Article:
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I've sometimes discussed motors for space applications with high-end motor vendors. While I can't say this is conclusive, different torque curves for ground testing vs space were never brought up by the vendor.

However, one thing that did come up is lubrication. As mentioned by several comments and answers, your motors are at risk of running far hotter than on the ground due to reduced convection cooling. However, you also have a risk at the cold end. Will your motor ever be powered off for a significant period of time? (I'm guessing this is a balloon payload?) If powered off, the motor could cool until the lubricant thickens too much, causing the motor to bind when you turn it on. Your motor should list its minimum operating temperature.

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  • \$\begingroup\$ Thank you. I will most definitely consider heating and cooling requirements (partly why I'm asking this question) of the motor assembly, and may end up having some active thermal design. However, I am academically curious how to correct for motor performance in the absence of thermal design, at high altitudes. I do not see much data out there. I ask because in the link I posted, they hint that torque-RPM curves of motors are generated based off of thermal limits. \$\endgroup\$ – dumbpropnerd Oct 15 '18 at 20:29
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    \$\begingroup\$ "In the absence of thermal design", your torque-RPM curves won't change even if they are thermally dependent, because you've specifically decided to ignore thermal effects :) \$\endgroup\$ – Selvek Oct 15 '18 at 20:53
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    \$\begingroup\$ @dumbpropnerd: If you look at their "continuous torque" curve it's got a big fat arrow from the phrase "thermally limited". I'd take that as a clue. In a permanent magnet motor (BLDC, brushless AC, or brushed), the torque is proportional to current, and the heating is almost entirely due to I^2 R effects. So if you know the thermal resistance from armature to ambient, and the ambient temperature, then you can figure out what your continuous current (and hence torque) is. \$\endgroup\$ – TimWescott Oct 15 '18 at 23:07
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    \$\begingroup\$ @dumbpropnerd: Torque vs. current and zero-load speed vs. voltage are characteristics of the physical construction, how the motor is wound, and how strong the magnets are. In fact, if you use mks units for torque, current and voltage, and radians/second for speed, the ideal torque/current constant is exactly the same number as the ideal voltage/speed constant -- and the dimensions work out. For a motor with rare-earth magnets, the limit on short-term torque at any given RPM is the resistance of the wire (which limits current based on the difference between back-EMF and supply voltage). \$\endgroup\$ – TimWescott Oct 16 '18 at 15:48
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    \$\begingroup\$ @dumbpropnerd: Ah, yes, that. I've always been graced with data sheets that compare apples to apples. If one number is specified for RMS and the other peak, or one for a speed control's input voltage and the other for the AC current in the windings, then yes, things don't match up. If you do the basic physics, though, they have to match up -- just start from the definition of an ideal motor as being lossless and not storing energy, and you quickly find that shaft power out must equal electrical power in (or visa versa, for a generator). That leads to the one and only motor constant. \$\endgroup\$ – TimWescott Oct 16 '18 at 17:22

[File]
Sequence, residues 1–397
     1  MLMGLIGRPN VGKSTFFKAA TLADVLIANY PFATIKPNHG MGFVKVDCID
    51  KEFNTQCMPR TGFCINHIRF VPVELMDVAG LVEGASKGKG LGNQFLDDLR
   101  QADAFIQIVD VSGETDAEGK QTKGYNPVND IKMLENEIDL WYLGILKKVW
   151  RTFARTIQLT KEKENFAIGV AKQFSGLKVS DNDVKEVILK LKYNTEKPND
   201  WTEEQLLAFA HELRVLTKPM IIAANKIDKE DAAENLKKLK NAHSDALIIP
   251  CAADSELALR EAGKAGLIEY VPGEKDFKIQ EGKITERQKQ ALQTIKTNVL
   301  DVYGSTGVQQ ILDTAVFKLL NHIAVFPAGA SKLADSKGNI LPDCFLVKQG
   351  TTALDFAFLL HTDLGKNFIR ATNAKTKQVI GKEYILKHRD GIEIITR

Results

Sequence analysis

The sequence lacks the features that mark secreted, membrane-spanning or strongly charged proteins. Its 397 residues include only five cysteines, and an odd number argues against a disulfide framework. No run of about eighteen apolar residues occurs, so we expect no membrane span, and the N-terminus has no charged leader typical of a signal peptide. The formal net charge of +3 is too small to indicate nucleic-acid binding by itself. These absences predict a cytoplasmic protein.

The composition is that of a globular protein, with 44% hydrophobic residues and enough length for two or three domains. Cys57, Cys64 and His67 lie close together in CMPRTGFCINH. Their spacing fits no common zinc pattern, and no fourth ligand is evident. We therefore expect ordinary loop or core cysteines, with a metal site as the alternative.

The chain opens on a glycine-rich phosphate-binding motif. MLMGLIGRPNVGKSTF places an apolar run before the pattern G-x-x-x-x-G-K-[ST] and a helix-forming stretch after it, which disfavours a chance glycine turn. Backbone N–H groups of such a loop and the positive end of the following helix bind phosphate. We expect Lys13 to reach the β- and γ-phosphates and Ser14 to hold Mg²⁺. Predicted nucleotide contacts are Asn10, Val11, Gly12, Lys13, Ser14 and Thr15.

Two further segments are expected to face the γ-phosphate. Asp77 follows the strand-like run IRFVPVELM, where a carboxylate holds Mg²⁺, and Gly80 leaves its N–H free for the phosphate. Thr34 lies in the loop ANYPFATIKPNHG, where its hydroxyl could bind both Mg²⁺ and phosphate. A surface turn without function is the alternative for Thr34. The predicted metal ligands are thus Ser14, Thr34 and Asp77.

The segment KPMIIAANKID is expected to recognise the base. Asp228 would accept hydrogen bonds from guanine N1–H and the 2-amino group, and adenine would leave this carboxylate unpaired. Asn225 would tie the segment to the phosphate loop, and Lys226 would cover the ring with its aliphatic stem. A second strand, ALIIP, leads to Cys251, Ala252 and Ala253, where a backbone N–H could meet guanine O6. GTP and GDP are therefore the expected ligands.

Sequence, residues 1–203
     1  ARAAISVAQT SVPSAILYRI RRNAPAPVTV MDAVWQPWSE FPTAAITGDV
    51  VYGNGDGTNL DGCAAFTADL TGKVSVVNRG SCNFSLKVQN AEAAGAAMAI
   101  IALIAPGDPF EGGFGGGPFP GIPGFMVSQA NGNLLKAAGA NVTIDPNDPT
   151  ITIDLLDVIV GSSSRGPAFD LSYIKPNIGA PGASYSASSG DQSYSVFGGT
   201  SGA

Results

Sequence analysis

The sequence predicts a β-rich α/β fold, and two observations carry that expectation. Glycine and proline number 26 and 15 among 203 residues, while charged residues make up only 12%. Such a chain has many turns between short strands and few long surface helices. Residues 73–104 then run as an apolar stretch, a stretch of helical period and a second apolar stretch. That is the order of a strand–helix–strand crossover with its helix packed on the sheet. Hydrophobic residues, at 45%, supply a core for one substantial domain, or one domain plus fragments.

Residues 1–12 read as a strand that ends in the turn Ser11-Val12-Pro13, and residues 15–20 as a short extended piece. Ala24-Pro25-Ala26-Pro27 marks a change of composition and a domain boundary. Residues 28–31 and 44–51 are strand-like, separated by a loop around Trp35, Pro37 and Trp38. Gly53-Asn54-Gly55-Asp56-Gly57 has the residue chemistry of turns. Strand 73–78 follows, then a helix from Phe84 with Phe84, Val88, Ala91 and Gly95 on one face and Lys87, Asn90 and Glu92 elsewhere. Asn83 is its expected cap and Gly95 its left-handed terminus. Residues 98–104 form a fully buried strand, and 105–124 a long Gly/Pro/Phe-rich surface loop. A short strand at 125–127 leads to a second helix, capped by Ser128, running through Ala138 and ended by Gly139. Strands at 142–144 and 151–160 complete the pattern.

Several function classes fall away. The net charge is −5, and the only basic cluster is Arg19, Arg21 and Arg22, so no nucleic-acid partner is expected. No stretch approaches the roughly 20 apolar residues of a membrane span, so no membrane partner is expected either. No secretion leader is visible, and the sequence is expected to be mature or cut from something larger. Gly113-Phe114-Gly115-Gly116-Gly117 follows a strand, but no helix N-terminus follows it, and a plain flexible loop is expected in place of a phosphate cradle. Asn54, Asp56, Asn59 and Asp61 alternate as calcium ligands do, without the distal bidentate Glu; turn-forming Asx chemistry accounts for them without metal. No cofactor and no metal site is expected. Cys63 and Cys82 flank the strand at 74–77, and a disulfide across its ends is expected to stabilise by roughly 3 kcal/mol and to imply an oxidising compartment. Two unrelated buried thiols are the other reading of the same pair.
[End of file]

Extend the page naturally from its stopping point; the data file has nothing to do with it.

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The biggest difference will be due to lower heat dissipation. As copper gets hot, its resistivity goes up, causing your motor to be less efficient.

If you know the "sea level" parameters for the motor, you could probably get close by derating the duty and/or max current with info from here: Altitude Corrections

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    \$\begingroup\$ A BLDC motor has the windings on the stator, which means that it can be profitably cooled by thermal conduction. That means that the altitude corrections will only apply to the degree of cooling happening due to air flow. \$\endgroup\$ – TimWescott Oct 15 '18 at 19:07
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There are two effects that change the motor performance-

  1. Winding temperature - a low ambient will noticeably reduce the resistance of the windings, which brings the torque-speed curve up - so long as the reduction in air density doesn't reduce the cooling enough to offset that reduction in temperature.
    1. Magnet strength. Most magnets have a negative temperature coefficient on Br, so they will get stronger at lower temperatures. Some magnets, especially samarium alloys that contain some gadolinium, can have very low TCs however. Stronger magnets won't change the torque speed curve much, the Kt value (torque generated per amp) improves so the current at a particular load reduces, but the Ke value also goes up, so the applied voltage rises, so apart from the resistive loss in the windings, the power consumed changes little. Maximum speed achievable on a given supply will fall though.